|With a new year comes new resolutions, one of which may be to eat healthier or to go vegan!
Previously we talked about the downsides to veganism in this modern era but today we’re going to chat about why it’s likely to be the best decision of your life!
New year’s resolutions typically revolve around people wanting to lose weight, eat better, eat healthier and make the world a kinder place. All of which can be achieved by becoming a vegan. Going vegan has many positives in the world but when it comes to your own personal health switching to a plant-based diet has plenty of benefits. Benefits include protecting against cardiovascular disease, lowering your risk of certain cancers, type 2 diabetes, weight loss and weight management.
Now if the thought of transitioning to a vegan diet cold turkey scares you then I always suggest on making the shift slowly. Making a drastic decision to go full vegan all at once may be successful but most likely leads to a crash and burn scenario. I suggest just making a shift to a vegan meal just once or twice a week and gradually working up, so that by the end of a month or however long it takes you are at 100% vegan meals. Another way to start is to simply write down what animal products you eat, eliminate them, and find an alternative.
Protein is first and foremost the first macronutrient that needs to be replaced when going vegan.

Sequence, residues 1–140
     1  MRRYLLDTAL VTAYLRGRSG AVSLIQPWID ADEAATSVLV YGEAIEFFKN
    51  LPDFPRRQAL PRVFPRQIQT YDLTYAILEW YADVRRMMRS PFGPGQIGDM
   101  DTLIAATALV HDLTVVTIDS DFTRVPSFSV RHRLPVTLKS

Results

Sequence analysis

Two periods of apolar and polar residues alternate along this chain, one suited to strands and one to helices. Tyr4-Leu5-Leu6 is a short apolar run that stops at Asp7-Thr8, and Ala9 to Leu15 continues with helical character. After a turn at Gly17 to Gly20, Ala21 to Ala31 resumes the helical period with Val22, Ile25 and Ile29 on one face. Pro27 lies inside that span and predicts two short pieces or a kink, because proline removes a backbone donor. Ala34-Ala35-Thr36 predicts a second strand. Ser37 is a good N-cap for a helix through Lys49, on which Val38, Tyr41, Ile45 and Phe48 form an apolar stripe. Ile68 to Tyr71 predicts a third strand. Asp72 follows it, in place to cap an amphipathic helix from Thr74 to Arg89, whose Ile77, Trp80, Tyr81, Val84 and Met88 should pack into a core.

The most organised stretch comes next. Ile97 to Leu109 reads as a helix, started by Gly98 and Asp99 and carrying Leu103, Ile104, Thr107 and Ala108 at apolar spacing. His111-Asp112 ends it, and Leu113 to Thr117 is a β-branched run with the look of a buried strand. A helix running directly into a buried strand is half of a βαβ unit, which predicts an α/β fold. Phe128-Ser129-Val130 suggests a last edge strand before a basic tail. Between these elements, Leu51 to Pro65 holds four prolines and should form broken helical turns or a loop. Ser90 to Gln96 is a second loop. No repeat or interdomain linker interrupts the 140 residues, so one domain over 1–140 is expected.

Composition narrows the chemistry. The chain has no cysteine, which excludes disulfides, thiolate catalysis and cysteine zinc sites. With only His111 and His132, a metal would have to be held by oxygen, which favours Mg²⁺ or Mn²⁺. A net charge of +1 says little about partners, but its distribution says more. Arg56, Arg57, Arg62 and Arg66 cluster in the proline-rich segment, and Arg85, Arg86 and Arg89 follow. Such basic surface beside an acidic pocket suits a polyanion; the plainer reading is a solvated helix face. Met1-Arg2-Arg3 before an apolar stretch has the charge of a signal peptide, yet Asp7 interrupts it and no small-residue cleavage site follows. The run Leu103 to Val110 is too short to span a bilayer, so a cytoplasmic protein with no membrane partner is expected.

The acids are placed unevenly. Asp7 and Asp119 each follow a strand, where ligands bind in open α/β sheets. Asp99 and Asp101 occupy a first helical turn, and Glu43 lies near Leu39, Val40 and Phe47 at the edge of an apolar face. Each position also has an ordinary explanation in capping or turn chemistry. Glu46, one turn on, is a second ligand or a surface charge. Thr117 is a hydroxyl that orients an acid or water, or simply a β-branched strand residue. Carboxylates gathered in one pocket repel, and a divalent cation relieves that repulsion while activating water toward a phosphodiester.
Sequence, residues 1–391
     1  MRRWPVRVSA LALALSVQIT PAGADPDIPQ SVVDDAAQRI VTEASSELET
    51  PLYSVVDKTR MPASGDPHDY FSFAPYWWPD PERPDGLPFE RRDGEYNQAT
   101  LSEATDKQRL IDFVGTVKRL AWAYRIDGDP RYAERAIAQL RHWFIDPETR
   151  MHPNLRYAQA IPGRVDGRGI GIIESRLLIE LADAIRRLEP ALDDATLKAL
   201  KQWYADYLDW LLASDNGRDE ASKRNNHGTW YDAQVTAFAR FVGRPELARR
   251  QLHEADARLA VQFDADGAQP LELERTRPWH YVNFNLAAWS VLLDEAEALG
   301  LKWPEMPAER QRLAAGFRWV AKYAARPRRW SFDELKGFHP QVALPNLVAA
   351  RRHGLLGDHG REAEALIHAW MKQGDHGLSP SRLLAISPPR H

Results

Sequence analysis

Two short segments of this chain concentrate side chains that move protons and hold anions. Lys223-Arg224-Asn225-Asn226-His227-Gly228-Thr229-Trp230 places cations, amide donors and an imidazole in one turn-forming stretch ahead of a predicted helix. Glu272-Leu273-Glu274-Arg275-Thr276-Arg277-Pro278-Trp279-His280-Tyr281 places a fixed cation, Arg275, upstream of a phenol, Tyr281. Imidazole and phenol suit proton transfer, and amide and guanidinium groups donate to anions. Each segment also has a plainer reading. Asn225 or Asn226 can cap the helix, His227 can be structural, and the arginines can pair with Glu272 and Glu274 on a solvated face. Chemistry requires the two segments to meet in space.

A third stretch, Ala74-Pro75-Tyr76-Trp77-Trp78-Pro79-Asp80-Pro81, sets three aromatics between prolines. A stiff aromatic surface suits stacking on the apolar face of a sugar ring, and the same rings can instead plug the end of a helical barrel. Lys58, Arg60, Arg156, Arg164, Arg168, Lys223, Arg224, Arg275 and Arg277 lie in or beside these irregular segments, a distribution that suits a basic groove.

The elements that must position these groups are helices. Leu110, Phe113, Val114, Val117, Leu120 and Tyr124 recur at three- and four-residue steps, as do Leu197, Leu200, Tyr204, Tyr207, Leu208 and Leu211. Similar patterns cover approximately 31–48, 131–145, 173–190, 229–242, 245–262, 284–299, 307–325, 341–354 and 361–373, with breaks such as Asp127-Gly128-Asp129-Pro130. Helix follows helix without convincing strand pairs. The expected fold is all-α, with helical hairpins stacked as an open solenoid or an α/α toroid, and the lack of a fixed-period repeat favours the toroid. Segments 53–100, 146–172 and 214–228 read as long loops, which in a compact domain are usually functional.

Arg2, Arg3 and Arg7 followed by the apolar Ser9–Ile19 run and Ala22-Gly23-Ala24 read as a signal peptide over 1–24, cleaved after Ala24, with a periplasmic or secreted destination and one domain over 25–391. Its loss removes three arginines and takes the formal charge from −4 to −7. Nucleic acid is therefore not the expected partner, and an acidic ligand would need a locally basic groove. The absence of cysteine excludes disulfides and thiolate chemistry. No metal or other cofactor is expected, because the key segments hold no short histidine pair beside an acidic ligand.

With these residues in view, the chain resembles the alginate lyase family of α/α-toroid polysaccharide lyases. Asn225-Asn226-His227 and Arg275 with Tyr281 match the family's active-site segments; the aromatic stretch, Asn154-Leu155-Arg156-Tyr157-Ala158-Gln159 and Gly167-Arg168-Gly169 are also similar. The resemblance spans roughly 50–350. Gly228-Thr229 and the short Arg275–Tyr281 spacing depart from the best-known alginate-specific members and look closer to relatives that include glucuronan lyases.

Unless you’re an athlete then veganism does provide you with plenty of protein, you just must sort through the choices. Organic non-GMO tofu, fermented tempeh, raw nuts, seeds, beans, and legumes are packed full of sustaining energy as well as an abundance of other nutrients. These plant-based foods are real wholefoods that are not refined and not heavily processed.
And although the vegan diet offers an abundance of nutrients and unless you’re supplementing there’s always 3 main nutrients you’re most likely missing out from.
- B12 is a nutrient that plays an important role in developing red blood cells. It also maintains the nerves and proper brain function and is exclusively found in animal-based foods. Vegans are very likely to have a deficiency in this nutrient thus often they need to supplement with a quality vitamin to avoid deficiency.
- Vitamin D is available in both plants and animals, but they aren’t the same type. The one found in animal-based foods is Vitamin D3 (cholecalciferol) and the one in plants it’s Vitamin D2 (ergocalciferol). Vitamin D3 is more efficiently absorbed in the blood than D2 so it is likely again a need for supplementation or some extra sunshine.
- Omega 3 is an essential fat our bodies need but can’t produce therefore we need to source it from food. Predominantly sourced from fish, omega 3 in a vegan diet can be sourced from foods such as chia seeds (1 tbsp), ground flaxseeds (1 tbsp), hemp seeds (2 tbsp) and walnuts (6 halves)